Hypnobirthing is a wonderful tool to prevent or break the fear tension pain cycle, by firstly removing the fear of birth by removing the unknown with clear and balanced antenatal information, replacing negative associations of birth with positive ones, and by providing relaxation techniques to stop the fear and tension should a woman begin to feel fearful in labour.


G is for gentle caescarean

Having a Caesarian does not have to be seen as a negative in birth. Sometimes a c section is necessary or preferred. It may be planned/elective or emergency, but there’s plenty you can do to make it a positive experience. If you wish to have a gentle caescarian (also called a family centred caescarian), there’s lots of things you can put down in your birth plan to ask for. You can request a spinal block rather than a general anaesthetic so you’re awake and aware. Your choice of music could be played in the theatre (great if you’re hypnobirthing and there’s specific tracks which you associate with calm and relaxation). You can ask that your arms are free, monitors on your back instead of your front, and your gown open so you can hold baby straight away for skin to skin and breast feeding. You can request the drape lowered so you can see baby born (I’ve even seen instances where mum helps lift baby out, or baby is left to come out with the contractions, mimicking a vaginal birth). You may request delayed cord clamping and delayed weighing and measuring in order to have that vital “golden hour” which promotes prolactin, regulates baby’s breathing and heart rate, and deepens the bond between you both. You could ask for your birth partner to be present, or birth photographer if you’re having one. You can also ask for a vaginal swab to seed baby with your microbiome. A c-section doesn’t have to mean resignation to a medical, clinical birth. It can still be positive, memorable and magical!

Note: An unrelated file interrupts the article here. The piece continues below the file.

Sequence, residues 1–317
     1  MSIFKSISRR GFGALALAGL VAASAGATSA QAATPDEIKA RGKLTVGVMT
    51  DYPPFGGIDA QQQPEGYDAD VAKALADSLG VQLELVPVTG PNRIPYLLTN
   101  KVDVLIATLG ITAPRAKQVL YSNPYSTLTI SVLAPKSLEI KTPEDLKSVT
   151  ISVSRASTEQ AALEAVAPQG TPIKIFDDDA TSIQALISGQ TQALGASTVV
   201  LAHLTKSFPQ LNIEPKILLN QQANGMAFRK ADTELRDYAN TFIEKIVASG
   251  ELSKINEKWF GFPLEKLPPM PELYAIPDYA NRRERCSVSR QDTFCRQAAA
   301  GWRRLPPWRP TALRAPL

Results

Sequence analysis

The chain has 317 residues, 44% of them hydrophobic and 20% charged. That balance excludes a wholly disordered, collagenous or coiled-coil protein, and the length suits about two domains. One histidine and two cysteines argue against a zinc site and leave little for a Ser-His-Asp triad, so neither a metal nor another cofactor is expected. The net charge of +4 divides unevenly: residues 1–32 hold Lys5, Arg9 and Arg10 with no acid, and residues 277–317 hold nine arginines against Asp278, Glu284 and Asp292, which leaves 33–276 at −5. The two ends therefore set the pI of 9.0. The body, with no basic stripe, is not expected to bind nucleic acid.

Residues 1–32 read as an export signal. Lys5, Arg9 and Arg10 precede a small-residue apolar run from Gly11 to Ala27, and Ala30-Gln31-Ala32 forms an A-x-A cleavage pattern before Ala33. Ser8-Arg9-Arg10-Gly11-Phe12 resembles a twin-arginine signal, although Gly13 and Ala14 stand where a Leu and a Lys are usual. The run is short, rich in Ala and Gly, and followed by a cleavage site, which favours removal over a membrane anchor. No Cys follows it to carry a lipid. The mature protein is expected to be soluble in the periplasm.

Below is a fantastic video describing what a gentle caescarean is.




H is for home birth

I could write a whole post on this (and probably will at some point!) but for now I’ll write a condensed version! A home birth is a much under used option for so many women. Falsely seen as a more riskier option for all, in reality a homebirth is not only a viable option for many women, but it is also statistically just as safe as giving birth in a midwife led unit for low risk pregnancies and second time mothers. A study of 65,000 women, published in 2011, found that risk of complications were the same for second time mums whether giving birth at home, in an obstetric unit or midwife led unit. They were marginally higher at home for first time mums (9.3 adverse outcomes out of 1000 births at home vs 5.3 out of 1000 in obstetric units).